Hi! If you fly across time zones.. you are infact travelling against/past time are you not?? Wud that mean that flying across timezones is what Einstien claimed impossible?? is that what we do to feel a "jet lag"?? What say pardners?? Regds Gautham Kasinath
"In the country of the blind, the one eyed man is the King"
Gautham Kasinath CV at : http://www.geocities.com/gkasinath
I flied "against time zones", funny feeling. You take a plane at 11.00 and land at 11.00 of the same day in the opposite side of the globe Wud that mean that flying across timezones is what Einstien claimed impossible?? Hm... I suppose Einstein was smart enough to foresee such a possibility.... is that what we do to feel a "jet lag"?? "Being worn out and tired for days after arriving, generally accompanied by a lack of concentration and motivation, especially for any activity that requires effort or skill, such as driving, reading or discussing a business deal." There is a strange thing I do not have explanations for. When I flied from the USA to Russia, I couldn't adjust for a switch between day and night for quite a long time. The opposite traveling (twice) never took me more than a day to adjust. How can it be? [ May 30, 2002: Message edited by: Mapraputa Is ]
There is a strange thing I do not have explanations for. When I flew from the USA to Russia, I couldn't adjust for a switch between day and night for quite a long time. The opposite traveling (twice) never took me more than a day to adjust. How can it be? Maybe it was because you were just so happy to be back with Mother Russia that you didn't notice the jetlag... I always find it upsets my sleep patterns, whether I fly west to east or east to west. Flying from London to Malaysia (GMT+8) in May took me over a week to adjust, but I think east to west will also be difficult (it's been 10 years since I flew an 8 hour difference and I don't remember how easy or difficult it was back then). I'll tell you how the return journey went in July.
I agree with Map aboutt he the 'Flying East' problem. (And I think George got it wrong ) The -5.5 hr difference of Bombay to London is not really a problem to cope up with, and I hardly feel any JetLag as such. But everytime I travel the other way, it takes my at least 3 days to get used to the new sleep, appetite patterns. I wonder why? :roll: Ashok. PS: Just Found this explanation on net. Fly East for Bad Jet Lag
When I get on a plane, I set my watch to the timezone where I will be landing, then just mentally "adopt" that time, period. If it's suddenly 3am, I'm supposed to be asleep, so I will try. Usually that doesn't work, but I go through the motions. When it's 9am, etc, I "wake up" and start the day. Usually what happens is that there is a period of one day in which I may not sleep for 24 hours, after that, I sleep a normal 8, then I'm ready to go. I never try to think "what time is it where I came from", I just live in the timezone I am in. For whatever reason, this has always worked for me and I'm never jetlagged for more than one day.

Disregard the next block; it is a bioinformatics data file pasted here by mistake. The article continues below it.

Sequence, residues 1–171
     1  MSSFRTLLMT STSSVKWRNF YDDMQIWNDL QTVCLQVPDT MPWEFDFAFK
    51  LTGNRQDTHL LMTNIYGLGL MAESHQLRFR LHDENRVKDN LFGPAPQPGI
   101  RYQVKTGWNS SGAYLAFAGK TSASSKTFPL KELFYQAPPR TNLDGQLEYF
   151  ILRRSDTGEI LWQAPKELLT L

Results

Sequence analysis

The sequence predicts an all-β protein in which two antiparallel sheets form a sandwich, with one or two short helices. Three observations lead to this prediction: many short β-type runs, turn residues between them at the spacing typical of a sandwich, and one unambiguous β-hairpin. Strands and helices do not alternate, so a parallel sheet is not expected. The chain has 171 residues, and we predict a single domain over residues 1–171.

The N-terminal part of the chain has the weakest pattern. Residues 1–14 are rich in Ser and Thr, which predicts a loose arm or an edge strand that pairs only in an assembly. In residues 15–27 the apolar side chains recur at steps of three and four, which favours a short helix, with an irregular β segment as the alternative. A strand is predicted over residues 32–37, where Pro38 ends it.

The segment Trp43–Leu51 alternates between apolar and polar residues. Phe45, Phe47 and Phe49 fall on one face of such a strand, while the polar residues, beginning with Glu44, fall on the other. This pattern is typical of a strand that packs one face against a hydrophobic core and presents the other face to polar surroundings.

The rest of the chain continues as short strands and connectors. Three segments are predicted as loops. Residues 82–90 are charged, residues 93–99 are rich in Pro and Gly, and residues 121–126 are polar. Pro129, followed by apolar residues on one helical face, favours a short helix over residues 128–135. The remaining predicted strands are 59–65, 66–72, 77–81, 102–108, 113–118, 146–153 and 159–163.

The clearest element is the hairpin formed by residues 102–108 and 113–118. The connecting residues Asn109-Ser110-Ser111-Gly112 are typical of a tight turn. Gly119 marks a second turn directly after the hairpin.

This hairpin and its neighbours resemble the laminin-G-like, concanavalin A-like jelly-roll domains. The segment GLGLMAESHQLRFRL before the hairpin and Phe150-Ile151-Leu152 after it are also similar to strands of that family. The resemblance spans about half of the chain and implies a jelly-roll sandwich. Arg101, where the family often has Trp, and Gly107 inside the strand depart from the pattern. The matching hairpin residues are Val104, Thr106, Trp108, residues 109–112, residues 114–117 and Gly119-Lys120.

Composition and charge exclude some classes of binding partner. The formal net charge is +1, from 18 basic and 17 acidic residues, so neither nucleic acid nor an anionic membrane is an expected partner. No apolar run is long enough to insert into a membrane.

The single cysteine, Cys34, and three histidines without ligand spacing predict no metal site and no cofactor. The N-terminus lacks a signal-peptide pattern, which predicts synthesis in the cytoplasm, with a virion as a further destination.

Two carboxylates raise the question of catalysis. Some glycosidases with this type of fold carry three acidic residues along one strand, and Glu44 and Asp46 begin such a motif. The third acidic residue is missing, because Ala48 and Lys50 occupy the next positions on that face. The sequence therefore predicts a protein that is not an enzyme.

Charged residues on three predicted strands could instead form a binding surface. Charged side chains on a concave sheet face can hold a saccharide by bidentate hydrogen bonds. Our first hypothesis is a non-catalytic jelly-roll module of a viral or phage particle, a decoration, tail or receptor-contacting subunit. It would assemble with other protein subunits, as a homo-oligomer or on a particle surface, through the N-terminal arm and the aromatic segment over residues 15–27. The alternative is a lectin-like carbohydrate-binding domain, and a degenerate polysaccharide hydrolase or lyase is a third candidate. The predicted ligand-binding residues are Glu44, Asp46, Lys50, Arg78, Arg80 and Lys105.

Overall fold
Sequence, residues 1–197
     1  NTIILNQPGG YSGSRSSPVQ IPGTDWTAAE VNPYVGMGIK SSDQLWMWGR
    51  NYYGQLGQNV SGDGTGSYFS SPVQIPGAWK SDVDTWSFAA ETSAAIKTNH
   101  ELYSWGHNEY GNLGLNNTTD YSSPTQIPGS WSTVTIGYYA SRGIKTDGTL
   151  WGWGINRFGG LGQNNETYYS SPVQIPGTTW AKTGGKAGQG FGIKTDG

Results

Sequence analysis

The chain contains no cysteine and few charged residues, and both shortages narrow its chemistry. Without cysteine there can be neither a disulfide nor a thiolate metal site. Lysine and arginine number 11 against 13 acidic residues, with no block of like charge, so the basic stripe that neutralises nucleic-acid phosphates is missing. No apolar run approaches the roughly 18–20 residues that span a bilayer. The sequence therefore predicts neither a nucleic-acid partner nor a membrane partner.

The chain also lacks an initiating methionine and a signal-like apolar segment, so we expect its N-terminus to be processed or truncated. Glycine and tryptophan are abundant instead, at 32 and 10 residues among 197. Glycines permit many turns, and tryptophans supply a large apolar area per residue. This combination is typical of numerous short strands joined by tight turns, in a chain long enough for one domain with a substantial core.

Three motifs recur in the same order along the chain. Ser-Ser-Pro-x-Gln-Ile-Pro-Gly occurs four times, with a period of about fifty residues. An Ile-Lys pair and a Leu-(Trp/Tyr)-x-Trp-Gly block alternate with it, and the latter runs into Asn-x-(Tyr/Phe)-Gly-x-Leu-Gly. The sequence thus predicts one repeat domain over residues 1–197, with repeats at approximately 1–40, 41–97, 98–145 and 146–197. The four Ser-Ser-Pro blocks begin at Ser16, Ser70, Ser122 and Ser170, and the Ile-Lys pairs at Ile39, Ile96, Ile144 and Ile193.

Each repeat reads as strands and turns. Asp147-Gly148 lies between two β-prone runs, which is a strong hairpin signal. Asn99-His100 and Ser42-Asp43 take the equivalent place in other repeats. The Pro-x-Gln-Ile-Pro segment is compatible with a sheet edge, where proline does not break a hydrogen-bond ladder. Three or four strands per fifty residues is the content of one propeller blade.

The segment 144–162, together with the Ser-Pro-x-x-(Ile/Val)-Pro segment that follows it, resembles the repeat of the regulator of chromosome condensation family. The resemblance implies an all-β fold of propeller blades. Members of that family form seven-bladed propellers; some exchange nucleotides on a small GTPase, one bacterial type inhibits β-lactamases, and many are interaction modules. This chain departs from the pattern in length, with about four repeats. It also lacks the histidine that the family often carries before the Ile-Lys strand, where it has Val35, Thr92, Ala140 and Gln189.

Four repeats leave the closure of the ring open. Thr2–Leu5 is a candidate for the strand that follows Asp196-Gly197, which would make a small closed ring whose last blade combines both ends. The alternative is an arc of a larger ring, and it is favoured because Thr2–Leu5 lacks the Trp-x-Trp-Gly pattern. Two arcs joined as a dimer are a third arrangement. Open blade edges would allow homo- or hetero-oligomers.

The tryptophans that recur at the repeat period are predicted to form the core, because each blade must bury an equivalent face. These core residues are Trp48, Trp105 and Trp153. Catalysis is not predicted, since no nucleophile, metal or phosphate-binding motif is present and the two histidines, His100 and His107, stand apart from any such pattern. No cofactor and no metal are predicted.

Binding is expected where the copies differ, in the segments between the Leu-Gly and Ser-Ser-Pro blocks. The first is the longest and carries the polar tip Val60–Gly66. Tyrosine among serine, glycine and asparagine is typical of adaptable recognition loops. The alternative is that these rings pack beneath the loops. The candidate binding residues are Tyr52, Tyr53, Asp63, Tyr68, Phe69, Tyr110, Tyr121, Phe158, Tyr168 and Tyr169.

In my experience, to overcome jetlag, it is best once you reach your destination to try to stay awake until, according to your destination's local time, it would normally be time for you to sleep. But if I may quote Ford Prefect: "Time is an illusion. Lunchtime, doubly so."
If you fly across time zones.. you are infact travelling against/past time are you not?? Wud that mean that flying across timezones is what Einstien claimed impossible?? Don't be silly. Time zones are just social conventions which a physicist would ignore as irrelevant. As for the east/west thing. Googling "jet lag east west" gives a number of articles about this. Apparently it's generally accepted (from various studies) that traveling east is tougher for most people than traveling west. When you travel west, you lengthen your day, while traveling east, you shorten it. Generally it's easier to force yourself to stay awake longer than usual, than it is to force yourself to go to sleep sooner than usual. In the former case you may feel rotten for the remainder of the day, but once you got to bed, you'll probably sleep soundly, and be normal the next day. In the latter case though, you'll often get insomnia, or an unsatisfying sleep, which will continue to affect you throughout the next day. If you're allowed to sleep in to compensate, you're just putting your problems off to the next night. Likewise you may be tempted to nap during the day - again, it'll just make it harder to get to sleep that night. This pattern can go on indefinitely if you don't break it at some point. Also, there are evidently studies showing that human circadian rhythms naturally tend a bit longer than 24 hours, in the absence of stimuli. (Translation - some poor schmucks who volunteered as test subjects were kept indoors away from sunlight for weeks at a time, and allowed to turn off the lights to sleep whenever it seemed right to them.) So this is further support for the idea that long days are easier than short ones.
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